EU Commission proposes a gas price cap

Date: November 22, 2022.
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The European Commission has proposed a gas price cap of 275 euros per megawatt hour for the forthcoming months regarding TTF contracts, EU energy commissioner, Kadri Simson, told a news conference on Tuesday.

"We propose to put a ceiling on the TTF (Title Transfer Facility) gas price to protect our people and businesses from extreme price hikes," EU energy commissioner Kadri Simson said.

If approved by EU countries, the cap would be available for one year from January 1. It would only take effect if the contract exceeds that level and simultaneously, the difference between the cap and the global liquefied natural gas (LNG) price would exceed 55 euro for 10 consecutive trading days, Simson added.

The idea to cap prices has divided EU countries for many months. Diplomats have said the level proposed on Tuesday was unlikely to be popular when energy ministers from the bloc's 27 member countries debate it on Thursday.

In October, the European Commission outlined proposals to introduce a “dynamic price ceiling” for gas imported into the EU, leaving the details of how this should be done for later, saying it first needed input from EU member states.

But with seven days to go before a 24 November meeting of EU energy ministers, Brussels is yet to table a formal legislative proposal on the matter. Instead, the EU executive circulated another “non-paper” to EU capitals outlining what the gas price “correction mechanism” could look like; also highlighting the “advantages and risks” of such a measure. The paper, published by EURACTIV on October 17, sets out the core elements of the Commission’s upcoming legislative text, with “a view to submitting a legal proposal” to EU ministers at a later stage.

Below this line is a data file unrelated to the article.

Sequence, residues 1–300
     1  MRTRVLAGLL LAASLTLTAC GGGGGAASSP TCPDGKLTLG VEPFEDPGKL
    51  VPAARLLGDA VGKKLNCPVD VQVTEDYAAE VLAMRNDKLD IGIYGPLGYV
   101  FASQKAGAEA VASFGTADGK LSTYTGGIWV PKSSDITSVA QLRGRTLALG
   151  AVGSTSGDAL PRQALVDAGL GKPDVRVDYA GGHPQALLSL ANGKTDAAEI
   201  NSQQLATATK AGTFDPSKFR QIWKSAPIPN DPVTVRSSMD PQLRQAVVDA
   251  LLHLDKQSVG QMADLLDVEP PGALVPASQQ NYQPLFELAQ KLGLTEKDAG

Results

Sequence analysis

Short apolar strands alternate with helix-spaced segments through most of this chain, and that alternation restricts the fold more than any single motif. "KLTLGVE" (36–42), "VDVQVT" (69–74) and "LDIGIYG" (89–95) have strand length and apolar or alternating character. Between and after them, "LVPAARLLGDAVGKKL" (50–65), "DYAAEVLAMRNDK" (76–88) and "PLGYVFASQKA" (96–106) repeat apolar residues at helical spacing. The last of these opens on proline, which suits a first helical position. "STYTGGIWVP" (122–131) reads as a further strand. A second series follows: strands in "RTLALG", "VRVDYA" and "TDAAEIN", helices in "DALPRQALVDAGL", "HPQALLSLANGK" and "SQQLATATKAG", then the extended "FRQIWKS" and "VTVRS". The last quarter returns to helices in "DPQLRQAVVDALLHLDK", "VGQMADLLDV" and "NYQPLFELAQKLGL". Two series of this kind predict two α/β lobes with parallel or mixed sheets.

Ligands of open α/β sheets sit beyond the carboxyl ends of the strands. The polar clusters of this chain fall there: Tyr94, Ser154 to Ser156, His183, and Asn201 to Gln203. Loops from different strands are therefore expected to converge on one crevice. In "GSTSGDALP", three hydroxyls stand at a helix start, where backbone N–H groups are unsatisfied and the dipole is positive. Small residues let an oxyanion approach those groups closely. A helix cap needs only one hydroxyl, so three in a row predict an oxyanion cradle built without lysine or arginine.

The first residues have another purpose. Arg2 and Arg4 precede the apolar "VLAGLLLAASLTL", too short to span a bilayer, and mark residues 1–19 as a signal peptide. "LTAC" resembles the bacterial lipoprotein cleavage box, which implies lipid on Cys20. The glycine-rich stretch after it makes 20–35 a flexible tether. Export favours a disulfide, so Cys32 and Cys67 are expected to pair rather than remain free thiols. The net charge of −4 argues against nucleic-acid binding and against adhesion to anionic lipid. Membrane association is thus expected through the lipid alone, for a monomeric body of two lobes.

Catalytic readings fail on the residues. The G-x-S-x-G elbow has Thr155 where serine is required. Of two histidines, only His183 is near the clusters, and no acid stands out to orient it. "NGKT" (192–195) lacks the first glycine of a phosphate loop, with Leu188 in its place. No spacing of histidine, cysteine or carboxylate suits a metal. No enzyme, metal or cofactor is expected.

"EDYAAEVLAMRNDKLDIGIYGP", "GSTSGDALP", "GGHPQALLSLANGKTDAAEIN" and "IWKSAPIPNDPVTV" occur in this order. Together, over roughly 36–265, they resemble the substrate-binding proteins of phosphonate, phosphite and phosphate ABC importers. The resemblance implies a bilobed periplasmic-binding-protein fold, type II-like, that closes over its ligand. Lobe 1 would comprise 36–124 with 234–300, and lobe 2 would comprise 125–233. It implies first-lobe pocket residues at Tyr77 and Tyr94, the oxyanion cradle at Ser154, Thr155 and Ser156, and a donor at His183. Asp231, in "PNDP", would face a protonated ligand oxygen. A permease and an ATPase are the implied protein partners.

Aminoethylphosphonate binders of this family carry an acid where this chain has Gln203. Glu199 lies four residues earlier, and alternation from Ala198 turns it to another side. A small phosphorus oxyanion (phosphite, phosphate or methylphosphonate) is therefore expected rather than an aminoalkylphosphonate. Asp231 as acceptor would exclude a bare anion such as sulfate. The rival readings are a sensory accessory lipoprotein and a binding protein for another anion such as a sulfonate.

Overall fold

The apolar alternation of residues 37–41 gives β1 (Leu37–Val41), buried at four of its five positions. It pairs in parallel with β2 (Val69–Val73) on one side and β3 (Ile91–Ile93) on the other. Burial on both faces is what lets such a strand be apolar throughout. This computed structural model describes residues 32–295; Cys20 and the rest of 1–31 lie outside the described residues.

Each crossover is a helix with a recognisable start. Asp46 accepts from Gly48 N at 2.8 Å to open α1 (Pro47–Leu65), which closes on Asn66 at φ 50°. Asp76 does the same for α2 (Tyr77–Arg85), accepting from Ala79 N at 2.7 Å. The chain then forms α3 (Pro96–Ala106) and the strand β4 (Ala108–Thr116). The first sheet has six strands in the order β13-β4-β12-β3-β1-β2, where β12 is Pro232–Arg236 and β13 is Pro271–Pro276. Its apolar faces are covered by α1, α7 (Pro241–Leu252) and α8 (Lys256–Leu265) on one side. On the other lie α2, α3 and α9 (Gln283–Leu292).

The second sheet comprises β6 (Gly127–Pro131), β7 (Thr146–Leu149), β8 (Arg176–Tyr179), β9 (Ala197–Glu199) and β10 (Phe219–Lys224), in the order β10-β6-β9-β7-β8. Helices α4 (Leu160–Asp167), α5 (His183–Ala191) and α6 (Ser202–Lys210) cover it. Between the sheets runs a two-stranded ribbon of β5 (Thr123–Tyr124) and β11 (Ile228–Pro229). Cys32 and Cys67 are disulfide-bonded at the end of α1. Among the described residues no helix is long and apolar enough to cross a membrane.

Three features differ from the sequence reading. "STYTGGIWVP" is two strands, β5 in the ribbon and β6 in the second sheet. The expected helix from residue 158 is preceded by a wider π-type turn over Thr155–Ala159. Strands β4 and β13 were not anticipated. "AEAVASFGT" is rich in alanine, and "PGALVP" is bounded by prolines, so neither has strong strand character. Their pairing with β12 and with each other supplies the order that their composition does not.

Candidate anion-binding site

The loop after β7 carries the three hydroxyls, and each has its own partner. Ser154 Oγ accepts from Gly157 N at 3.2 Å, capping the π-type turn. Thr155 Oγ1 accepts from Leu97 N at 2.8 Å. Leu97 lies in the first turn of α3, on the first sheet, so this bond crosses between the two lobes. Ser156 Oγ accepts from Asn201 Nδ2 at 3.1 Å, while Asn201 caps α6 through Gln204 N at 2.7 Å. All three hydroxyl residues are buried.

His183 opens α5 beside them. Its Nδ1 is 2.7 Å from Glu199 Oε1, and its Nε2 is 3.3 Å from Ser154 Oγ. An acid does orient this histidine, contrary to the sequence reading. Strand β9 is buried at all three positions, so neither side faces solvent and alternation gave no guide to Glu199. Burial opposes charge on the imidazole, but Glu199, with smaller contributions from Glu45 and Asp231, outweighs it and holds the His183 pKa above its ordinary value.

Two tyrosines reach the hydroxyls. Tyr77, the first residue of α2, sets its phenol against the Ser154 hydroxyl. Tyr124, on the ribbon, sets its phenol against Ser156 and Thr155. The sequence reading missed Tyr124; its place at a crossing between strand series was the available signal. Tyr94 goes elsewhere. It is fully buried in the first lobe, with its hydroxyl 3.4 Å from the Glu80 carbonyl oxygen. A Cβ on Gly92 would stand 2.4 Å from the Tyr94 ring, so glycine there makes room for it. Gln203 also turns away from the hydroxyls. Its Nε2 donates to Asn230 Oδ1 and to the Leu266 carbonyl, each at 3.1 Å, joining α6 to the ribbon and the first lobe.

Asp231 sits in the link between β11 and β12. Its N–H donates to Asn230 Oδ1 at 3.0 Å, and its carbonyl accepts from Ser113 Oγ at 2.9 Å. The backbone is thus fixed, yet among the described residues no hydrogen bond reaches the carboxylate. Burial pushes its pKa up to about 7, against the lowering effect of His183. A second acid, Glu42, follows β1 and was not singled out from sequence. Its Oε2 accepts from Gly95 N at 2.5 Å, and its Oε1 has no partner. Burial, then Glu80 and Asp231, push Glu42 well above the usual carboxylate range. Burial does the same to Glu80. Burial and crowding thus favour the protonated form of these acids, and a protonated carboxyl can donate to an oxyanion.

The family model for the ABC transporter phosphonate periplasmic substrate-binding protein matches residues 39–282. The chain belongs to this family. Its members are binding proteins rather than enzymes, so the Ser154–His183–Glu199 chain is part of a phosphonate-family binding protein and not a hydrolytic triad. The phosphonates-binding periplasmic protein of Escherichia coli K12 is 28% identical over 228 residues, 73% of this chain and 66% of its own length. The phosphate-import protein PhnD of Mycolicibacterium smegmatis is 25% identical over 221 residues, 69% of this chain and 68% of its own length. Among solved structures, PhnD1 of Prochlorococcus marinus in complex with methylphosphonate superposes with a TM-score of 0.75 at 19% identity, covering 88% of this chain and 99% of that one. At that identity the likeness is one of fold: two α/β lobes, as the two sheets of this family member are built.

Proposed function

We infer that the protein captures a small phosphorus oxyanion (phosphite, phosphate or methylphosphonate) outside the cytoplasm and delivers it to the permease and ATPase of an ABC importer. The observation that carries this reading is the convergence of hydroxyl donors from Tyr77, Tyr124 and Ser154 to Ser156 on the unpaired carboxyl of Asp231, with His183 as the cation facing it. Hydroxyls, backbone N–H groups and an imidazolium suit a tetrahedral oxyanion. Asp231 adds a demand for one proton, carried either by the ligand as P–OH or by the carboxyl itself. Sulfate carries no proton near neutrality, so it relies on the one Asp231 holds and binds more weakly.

“This outline aims to serve as a basis for further discussion of the mechanism at issue,” the paper says, without specifying when the discussion will end. EU energy commissioner Kadri Simson said earlier that the Commission, which drafts EU policies, would propose a cap after a meeting of EU energy ministers on 24 November where they are expected to instruct the bloc’s executive to move ahead with the proposal. “We will move swiftly and we will make a legal proposal immediately after ministers mandate us to do so,” Simson told Reuters in an interview on the sidelines of the COP27 climate summit in Egypt.

Pros and cons

According to the non-paper, the outlined measure has some advantages, including limiting future speculation. If well-designed and transparent, it should also have a limited impact on the market.

But the Commission also emphasises the measure’s limitations. For instance, while it can mitigate temporary excessive prices, “it is not a tool to structurally lower the level of prices, which can only be achieved by additional supply-side and demand reduction measures”.

The paper also echoes the European Commission’s general reservations on price caps, warning that it risks harming the EU’s ability to attract much-needed LNG supplies if the ceiling is set higher than the global prices.